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Tax Gutkha, Khaini, Zarda in a Standardised Way to Check its Use: Report

Of the 350 million SLT users worldwide, 68 percent are concentrated in the traditional markets of India (241.5 million) and Bangladesh (30.5 million) making the two countries case studies to establish dos and don’ts for the rest of the world.

Aradhna Wal | News18.com

Updated:April 26, 2018, 8:13 AM IST
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Tax Gutkha, Khaini, Zarda in a Standardised Way to Check its Use: Report
Image for representation. (Reuters)
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New Delhi: According to a new report, unless countries figure out how to tax smokeless tobacco (SLT) products in a standardised manner, they will find it difficult to check its widespread use.

The report — Global Smokeless Tobacco Control Policies and Their Implementation — was brought out by the hub for smokeless tobacco established in India by the WHO Framework Convention on Tobacco Control (FCTC).

The report by the two-year-old global hub, running at the National Institute for Cancer Prevention and Research (NICPR), has taken a look at how all 179 parties of the FCTC manage SLT products.

Of the 350 million SLT users worldwide, 68 percent are concentrated in the traditional markets of India (241.5 million) and Bangladesh (30.5 million) making the two countries case studies to establish dos and don’ts for the rest of the world. By volume, said the report, 91.3 percent (648.2 billion tons) of the SLT products sold worldwide (710.2 billion tons) are sold in traditional markets.

The hub was established in India, in April 2016, because it is both a high-burden country and one that has been working to crack down on smokeless tobacco.

Dr Ravi Mehrotra, the head of NICPR, said that their work had shown that, not just India and Bangladesh, the rest of the world needed to worry about SLT too. For example, SLT use has spread to Scandinavia and North America, in a new generation of products that people believe are a less harmful alternative to cigarettes.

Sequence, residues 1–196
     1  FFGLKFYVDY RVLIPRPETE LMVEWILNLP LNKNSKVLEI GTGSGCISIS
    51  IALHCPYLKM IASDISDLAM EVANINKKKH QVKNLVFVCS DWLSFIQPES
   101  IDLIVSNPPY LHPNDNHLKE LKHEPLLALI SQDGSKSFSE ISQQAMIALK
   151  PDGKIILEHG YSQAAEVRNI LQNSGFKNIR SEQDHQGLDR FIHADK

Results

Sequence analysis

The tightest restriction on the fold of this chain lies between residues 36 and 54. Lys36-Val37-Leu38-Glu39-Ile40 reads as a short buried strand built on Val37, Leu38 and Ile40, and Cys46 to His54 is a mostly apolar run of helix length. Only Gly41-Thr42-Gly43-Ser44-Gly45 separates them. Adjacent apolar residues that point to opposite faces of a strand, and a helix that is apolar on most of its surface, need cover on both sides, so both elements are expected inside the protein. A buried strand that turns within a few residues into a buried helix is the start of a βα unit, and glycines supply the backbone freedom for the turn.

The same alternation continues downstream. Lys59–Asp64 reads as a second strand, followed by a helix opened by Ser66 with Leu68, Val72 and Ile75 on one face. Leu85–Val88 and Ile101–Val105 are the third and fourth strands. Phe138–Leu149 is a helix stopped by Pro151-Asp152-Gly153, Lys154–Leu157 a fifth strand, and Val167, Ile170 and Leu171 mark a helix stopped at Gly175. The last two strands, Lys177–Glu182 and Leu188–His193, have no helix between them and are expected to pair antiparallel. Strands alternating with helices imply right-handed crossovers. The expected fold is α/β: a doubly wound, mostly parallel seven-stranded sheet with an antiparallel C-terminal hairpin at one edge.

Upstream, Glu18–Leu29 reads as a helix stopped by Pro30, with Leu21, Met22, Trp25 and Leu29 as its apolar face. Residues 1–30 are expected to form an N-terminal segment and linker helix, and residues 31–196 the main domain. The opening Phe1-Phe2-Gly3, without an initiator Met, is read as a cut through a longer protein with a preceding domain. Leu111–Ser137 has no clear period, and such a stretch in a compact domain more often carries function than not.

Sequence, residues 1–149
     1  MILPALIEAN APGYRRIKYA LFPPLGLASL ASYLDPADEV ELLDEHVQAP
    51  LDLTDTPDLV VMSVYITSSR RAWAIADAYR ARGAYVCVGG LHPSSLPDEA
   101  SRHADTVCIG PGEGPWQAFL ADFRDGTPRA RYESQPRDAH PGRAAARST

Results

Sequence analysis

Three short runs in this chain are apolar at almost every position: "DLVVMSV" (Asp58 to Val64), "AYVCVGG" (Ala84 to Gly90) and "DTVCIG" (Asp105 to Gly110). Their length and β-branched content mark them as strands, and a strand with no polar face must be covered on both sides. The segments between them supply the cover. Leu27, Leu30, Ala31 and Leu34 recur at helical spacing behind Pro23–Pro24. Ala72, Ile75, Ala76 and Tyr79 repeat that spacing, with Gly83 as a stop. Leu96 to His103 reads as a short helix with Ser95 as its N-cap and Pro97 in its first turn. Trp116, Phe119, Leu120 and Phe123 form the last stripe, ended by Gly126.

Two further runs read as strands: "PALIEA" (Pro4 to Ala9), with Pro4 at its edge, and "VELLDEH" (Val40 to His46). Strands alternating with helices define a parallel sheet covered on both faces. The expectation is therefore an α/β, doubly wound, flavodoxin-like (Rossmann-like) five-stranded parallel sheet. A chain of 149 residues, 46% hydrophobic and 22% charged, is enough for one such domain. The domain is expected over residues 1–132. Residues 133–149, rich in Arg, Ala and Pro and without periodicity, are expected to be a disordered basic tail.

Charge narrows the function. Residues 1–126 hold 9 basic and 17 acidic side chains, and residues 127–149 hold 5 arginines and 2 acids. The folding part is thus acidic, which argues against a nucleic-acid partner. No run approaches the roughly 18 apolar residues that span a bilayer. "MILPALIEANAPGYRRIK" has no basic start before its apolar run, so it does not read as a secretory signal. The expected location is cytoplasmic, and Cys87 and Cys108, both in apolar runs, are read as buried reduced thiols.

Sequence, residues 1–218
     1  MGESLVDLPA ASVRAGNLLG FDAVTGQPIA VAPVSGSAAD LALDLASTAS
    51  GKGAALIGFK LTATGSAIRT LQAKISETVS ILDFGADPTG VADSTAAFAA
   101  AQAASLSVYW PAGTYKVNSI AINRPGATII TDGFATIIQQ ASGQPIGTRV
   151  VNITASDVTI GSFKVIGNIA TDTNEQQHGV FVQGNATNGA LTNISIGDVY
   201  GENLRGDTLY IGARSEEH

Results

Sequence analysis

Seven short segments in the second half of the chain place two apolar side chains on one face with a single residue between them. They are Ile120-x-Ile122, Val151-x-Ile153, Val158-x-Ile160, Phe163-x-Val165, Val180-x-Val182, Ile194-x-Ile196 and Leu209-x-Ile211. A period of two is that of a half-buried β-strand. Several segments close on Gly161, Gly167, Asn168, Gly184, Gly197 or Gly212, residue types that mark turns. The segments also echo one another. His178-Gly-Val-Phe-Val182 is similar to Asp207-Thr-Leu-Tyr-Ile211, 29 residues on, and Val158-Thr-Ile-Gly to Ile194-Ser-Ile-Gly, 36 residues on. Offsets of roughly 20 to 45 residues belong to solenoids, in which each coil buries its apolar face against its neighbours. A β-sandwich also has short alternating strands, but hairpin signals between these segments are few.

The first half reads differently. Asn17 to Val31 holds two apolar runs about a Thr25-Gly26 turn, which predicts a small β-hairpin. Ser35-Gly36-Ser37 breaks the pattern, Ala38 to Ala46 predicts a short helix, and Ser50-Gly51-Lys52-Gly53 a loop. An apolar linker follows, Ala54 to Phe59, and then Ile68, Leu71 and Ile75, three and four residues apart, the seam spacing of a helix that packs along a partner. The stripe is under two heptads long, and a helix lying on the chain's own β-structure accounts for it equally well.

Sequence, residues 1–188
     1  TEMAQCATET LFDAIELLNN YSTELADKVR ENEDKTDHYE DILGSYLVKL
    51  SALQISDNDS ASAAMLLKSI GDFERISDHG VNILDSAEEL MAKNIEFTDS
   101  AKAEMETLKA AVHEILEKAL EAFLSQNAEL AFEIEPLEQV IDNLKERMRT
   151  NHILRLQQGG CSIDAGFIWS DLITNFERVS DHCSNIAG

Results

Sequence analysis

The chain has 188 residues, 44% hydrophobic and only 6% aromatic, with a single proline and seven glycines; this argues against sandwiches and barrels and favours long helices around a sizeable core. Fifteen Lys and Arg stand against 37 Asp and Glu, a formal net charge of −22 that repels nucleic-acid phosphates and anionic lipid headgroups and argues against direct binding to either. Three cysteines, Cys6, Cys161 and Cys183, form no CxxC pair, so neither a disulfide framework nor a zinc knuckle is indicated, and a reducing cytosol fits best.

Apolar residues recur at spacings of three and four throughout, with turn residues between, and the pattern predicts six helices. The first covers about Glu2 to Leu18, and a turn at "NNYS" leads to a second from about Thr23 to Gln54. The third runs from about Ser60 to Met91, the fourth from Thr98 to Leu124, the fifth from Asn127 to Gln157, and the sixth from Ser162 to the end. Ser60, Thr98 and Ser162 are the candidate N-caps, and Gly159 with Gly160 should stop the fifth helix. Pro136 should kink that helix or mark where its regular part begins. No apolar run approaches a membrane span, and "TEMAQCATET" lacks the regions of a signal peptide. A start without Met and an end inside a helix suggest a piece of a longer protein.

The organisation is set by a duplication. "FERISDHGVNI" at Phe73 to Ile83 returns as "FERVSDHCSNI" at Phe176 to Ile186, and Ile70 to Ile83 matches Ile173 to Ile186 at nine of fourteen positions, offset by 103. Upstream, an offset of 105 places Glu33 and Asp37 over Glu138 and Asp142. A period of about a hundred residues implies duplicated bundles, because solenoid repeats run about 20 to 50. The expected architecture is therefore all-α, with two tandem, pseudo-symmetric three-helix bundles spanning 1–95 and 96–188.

India and Bangladesh have shown that effective taxation can bring down the use of SLTs. For example, a 58 percent increase in the prices of khaini resulted in a 51% decline in its consumption during 2008–2013. A rise in the price of zarda by 28 percent led to a 24 percent decline in the consumption during the same period. The two are the most popular forms of SLT in India.

Taxation, however, is difficult as it is tough to establish a standardised unit for the purposes of pricing or taxing.

The problem, points out the report, also starts with the fact that most countries don’t have a standard definition of SLT — which in India is mostly had in the form of gutkha, khaini, zarda. Out of 179 parties, 135 have included SLT under tobacco products in their laws. Of the 135 parties, 112 have expressly defined SLT either in a general or in an obscure way. And in the case of 44 parties have either not included SLT or their laws were not available in English language. This means that SLT gets left out of policies cracking down on tobacco use, as they are largely concerned with smoking tobacco such as cigarettes.

In 2015-16, the Indian government introduced a new factor in how it taxed SLT — maximum speed of packing machine. Since most chewing tobacco or gutkha, is packed into pouches with machines, manufacturers would often under-report the capacity of their machines or produce beyond the declared capacity. The new way of taxing meant that excise tax revenue from pan masala and chewing tobacco increased by 66 percent and 48 percent, respectively, in financial year 2015-16. In comparison, in FY 2014-15, the excise revenue had seen a decline of 0.4% and 7.8%, respectively.

Such taxation is not only a disincentive for SLT users, it could also help with the increasing medical costs of tobacco. In 2011, said the report, economic costs from all diseases attributable to SLT use for persons aged 35-69 years was Rs 2.33 thousand crore. In comparison, the excise tax revenue collected from SLT in that year amounted to only INR 126 crore.
| Edited by: Aditya Nair
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